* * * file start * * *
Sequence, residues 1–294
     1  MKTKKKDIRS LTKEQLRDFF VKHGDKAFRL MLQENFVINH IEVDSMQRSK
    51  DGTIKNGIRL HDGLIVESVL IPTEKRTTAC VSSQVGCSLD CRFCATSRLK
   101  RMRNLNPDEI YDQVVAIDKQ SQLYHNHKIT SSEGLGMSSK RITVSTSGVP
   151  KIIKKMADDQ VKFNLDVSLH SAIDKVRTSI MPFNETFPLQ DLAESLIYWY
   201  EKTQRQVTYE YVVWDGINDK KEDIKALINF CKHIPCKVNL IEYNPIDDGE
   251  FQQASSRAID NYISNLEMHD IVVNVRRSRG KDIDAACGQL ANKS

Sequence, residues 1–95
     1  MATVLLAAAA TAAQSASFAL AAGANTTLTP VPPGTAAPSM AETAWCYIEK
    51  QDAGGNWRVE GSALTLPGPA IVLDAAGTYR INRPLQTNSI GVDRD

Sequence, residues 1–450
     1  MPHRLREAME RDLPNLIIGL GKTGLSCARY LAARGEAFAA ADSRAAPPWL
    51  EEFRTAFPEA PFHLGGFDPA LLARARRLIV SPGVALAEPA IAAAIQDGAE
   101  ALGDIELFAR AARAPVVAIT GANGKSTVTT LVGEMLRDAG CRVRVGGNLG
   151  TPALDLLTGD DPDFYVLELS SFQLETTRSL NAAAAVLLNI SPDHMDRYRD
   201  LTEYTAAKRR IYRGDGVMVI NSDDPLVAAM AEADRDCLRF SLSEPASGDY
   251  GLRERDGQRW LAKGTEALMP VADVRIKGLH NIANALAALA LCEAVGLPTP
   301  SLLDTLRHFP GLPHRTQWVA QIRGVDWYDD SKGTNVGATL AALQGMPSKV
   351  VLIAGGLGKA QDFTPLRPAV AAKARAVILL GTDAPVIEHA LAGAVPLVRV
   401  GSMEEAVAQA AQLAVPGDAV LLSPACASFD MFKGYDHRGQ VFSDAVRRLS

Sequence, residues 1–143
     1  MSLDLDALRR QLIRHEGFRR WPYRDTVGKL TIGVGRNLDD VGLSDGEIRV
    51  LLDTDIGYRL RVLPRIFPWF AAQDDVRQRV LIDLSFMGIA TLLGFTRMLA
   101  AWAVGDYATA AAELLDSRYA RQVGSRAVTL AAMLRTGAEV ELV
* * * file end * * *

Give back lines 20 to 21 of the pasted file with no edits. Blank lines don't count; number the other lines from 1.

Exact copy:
   401  GSMEEAVAQA AQLAVPGDAV LLSPACASFD MFKGYDHRGQ VFSDAVRRLS

Sequence, residues 1–143